Q&A: Evanston Township High School alum, now NY Times writer, wins Pulitzer Prize

Cat Zakrzewski

Jeffrey Gettleman, who graduated from Evanston Township High School in 1989, won the Pulitzer Prize for International Reporting on April 18 for his “vivid reports, often at personal peril, on famine and conflict in East Africa, a neglected but increasingly strategic part of the world,” according to a Pulitzer release. Gettleman, currently the east Africa bureau chief for The New York Times, took some time away from traveling across central Africa to email The Daily last week.

Daily: What was your initial reaction when you learned you won the Pulitzer?

Gettleman: I was really emotional. When I picked up the phone and heard the editor of The New York Times say, “Congratulations, Jeffrey, I’ve got good news,” I started crying. I don’t know exactly why. It was probably just all the pent-up tension and the feeling that I had worked my butt off for this and now finally was getting the ultimate award.

Daily: How has reporting on famine and conflict in East Africa affected you personally?

Gettleman: It’s depressed me, seeing people suffer, on such an overwhelming scale, when so much of this was preventable. But the work has also made me feel good about myself because I’ve helped shine a light on abuses and problems and sometimes that attention has brought life-saving aid and catalyzed change for the better.

Daily: How do you usually travel throughout the region and where do you stay when you’re reporting?

Gettleman: I travel every which way you can think of – by plane, car, pickup truck, bus, ferry, canoe, by foot, by bike even. I’ve ridden camels and donkeys and I’ve hiked through jungles and muddy rivers with my camera over my head. Seriously. I stay sometimes in nice hotels and complete dives where the walls are smeared with bug blood. I’ve camped out in the jungle and the desert. Many times.

Daily: Why do you think it is important to share these stories with your readers?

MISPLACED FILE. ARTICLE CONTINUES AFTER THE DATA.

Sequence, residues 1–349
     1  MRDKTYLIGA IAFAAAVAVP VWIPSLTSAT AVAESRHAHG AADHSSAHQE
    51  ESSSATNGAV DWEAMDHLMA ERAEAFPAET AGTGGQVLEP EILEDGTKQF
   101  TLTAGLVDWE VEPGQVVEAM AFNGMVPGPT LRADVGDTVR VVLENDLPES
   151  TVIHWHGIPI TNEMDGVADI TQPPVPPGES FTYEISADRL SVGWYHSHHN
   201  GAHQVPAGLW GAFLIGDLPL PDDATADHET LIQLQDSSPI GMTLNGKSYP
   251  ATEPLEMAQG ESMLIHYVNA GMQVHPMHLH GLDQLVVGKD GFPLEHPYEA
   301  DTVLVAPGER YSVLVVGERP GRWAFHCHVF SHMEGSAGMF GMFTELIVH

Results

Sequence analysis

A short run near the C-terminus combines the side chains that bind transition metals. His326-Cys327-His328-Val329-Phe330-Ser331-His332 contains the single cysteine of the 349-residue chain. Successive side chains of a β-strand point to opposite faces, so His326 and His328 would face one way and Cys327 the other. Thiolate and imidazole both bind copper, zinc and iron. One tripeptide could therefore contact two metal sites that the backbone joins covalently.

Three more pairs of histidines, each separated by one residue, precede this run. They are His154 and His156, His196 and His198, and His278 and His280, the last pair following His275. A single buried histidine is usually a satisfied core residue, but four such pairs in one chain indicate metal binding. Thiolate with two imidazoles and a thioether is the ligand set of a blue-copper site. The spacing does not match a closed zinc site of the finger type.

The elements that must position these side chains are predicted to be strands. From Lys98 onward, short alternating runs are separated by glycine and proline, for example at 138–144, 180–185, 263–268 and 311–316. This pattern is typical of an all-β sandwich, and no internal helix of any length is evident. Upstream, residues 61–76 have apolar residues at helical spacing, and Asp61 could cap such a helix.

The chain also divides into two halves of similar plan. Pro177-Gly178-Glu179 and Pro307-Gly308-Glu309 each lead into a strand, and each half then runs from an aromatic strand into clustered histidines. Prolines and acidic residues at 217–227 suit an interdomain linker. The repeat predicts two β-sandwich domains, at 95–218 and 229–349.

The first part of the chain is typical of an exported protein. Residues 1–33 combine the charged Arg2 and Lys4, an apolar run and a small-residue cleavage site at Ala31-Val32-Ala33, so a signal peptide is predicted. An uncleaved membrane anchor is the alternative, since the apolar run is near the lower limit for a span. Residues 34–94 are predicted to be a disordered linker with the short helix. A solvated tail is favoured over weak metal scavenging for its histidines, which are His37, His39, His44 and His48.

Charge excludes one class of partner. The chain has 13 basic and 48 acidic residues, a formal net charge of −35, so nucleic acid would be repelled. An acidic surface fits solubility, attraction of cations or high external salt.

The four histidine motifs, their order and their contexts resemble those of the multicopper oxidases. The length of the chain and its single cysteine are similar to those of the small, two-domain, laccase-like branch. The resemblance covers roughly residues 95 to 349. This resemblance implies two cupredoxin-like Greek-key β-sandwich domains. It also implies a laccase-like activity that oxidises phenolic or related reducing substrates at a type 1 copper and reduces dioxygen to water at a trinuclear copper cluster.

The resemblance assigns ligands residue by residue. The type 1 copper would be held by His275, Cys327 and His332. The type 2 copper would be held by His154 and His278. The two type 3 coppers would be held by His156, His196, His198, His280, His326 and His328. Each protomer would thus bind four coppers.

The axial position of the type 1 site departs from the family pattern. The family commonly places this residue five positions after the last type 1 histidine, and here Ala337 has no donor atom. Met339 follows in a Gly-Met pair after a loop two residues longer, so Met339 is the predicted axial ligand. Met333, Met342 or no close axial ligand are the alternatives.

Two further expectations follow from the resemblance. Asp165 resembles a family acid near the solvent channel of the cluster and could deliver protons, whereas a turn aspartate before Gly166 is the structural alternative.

Gettleman: My goal, and maybe this is going to sound helplessly cheesy, is to help. For example, I figured that if I could shine a light on the famine, reduce it to human terms, describe exactly how people were suffering and how this was so preventable, so avoidable, then maybe folks out there reading the stories would be moved to help. I tell people that as a journalist, you have to be objective but you don’t have to be morally neutral. You want to be fair, but you don’t want to be numb. I am one of the few Western journalists with the resources to cover Somalia closely – I’ve been in and out of there dozens of times in the past few years, and it’s always tricky and usually very expensive (a typical trip involves hiring 10 gunmen to guard me, which adds up to hundreds if not thousands of dollars each day). And I felt an acute responsibility to use all the resources and contacts I have to show the urgency of this famine.

Daily: With so many conflicts in East Africa, how do you decide which issues to primarily focus on in your stories?

Gettleman: This is one of the toughest parts of the job. I try to pick stories with the most impact, ones that will really send a jolt to the reader. It’s sometimes hard to know from the outset what stories will really resonate, but I’ve been in this region long enough to have good sources that can help me.

Daily: What has been the most challenging aspect of reporting internationally?

Gettleman: I’d say the dangers of working in conflict zones in Africa and the Middle East and the psychological impact of reporting closely on conflict. It can be very upsetting to be steeped in misery, and while I am able to leave these places when my work is done – unlike the people stuck in the middle of it – the disturbing images stay with me for a long time.

Daily: When you were a student at ETHS, did you ever think you would be a prize-winning international journalist?

Gettleman: Nope. I thought I’d be a lawyer, like my daddy.

Daily: Were you involved in the newspaper during high school?

Gettleman: No, not at all. But I enjoyed writing.

Daily: What big news stories do you remember from when you were growing up in Evanston and Chicago?

Gettleman: I was fixated, like so many others, on the nuclear arms race and very clearly remember charts in Newsweek that compared how many missiles the US and Soviets had.

Daily: What are some lessons you have learned from your work in Africa?

Gettleman: I’ve learned to help people and to try to feel connected to people, no matter how different they seem. Journalistically, I’ve learned the payoff of doing dailies, of doing the small stories which will eventually take you straight to the big ones.

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